Schmidt took the majority of votes in Adams, Brown, Highland, Pike, Ross and Scioto counties, while Wenstrup won the majority of the votes in the more urban Clermont and Hamilton counties.
In Clermont County, which is Schmidt’s home county, Wenstrup received 14,212 votes, or 50.17 percent of votes cast, while Schmidt received 11,777 votes or 41.58 percent of votes cast. Schmidt’s other opponents, Tony Brush and Fred Kundrata received the remaining votes.
Wenstrup also received the majority of votes in Hamilton County, where he had more than 8,000 votes over Schmidt.
Wenstrup, who is a Cincinnati doctor, said he didn’t grow up wanting to be a politician, but after joining the United States Army Reserves and being deployed to Iraq, he said he became more involved with the Republican party and speaking with residents in the community.
“Along the way people kept saying you need to run for office,” Wenstrup said before the election. “It just kept coming from people.”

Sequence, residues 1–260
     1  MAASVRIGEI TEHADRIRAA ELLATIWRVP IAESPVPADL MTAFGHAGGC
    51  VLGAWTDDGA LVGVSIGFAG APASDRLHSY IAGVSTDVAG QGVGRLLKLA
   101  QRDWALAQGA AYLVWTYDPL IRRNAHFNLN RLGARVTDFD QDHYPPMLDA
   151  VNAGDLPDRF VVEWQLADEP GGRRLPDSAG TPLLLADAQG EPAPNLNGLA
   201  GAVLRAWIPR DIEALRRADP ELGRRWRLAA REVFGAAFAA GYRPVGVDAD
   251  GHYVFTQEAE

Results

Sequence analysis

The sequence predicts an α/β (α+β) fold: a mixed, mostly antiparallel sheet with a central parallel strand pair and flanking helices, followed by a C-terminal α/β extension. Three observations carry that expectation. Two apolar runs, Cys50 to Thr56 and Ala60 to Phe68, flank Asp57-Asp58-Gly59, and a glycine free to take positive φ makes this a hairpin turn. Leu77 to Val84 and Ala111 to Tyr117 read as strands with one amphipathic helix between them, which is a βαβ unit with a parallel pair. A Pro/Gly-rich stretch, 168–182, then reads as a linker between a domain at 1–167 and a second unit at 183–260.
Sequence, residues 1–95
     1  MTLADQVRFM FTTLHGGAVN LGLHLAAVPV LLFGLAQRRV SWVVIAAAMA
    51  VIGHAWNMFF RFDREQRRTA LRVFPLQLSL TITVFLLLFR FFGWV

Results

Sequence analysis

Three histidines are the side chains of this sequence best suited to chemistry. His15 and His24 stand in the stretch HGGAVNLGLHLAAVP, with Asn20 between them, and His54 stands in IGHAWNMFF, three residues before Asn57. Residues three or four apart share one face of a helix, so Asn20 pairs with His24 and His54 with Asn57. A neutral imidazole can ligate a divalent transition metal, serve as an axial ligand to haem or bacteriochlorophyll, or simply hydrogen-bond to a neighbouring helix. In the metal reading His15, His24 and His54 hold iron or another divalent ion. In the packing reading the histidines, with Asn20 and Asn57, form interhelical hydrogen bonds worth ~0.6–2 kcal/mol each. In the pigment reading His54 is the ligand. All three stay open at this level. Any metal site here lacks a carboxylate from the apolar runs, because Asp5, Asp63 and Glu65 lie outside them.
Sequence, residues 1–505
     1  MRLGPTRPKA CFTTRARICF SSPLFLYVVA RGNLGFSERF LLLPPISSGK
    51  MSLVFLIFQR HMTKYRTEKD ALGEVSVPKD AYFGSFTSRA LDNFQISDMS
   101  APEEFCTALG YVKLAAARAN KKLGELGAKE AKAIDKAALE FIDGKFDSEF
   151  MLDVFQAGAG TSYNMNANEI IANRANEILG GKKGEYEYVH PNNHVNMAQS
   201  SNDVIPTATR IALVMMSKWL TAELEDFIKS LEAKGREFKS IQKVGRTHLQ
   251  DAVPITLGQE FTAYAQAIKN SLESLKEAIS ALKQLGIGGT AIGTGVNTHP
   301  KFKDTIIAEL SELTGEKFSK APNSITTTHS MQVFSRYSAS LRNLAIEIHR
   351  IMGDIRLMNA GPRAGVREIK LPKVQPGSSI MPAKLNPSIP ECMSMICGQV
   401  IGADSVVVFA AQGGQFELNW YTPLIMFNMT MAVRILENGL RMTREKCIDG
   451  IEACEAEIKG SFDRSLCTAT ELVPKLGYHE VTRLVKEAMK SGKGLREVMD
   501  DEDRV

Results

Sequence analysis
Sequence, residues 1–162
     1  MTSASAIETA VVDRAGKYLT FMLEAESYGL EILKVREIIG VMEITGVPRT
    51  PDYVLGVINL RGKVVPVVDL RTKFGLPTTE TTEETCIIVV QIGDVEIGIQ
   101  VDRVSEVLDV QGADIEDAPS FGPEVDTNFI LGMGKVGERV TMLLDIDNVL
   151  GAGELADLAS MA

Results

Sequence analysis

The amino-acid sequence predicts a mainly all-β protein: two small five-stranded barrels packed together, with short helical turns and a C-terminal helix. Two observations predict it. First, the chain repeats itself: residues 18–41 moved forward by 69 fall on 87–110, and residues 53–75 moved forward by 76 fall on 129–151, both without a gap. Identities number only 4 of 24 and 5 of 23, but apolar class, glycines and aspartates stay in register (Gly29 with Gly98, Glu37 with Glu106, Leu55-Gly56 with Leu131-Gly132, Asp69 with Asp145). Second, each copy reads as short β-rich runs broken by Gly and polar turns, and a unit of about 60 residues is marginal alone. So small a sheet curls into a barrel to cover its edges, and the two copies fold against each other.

He said prior to the election that he made the decision to run for office after he realized his experience, both as a doctor and in the military, made him a candidate that can understand issues affecting citizens. He also said leadership and honesty are traits that are lacking in representatives.
“I think people want to be able to look at their congress person and say ‘I trust you,’” Wenstrup said.
Wenstrup will be the Republican candidate on the November ballot where he will face Democratic candidate William Smith, who defeated his opponent David Krikorian March 6.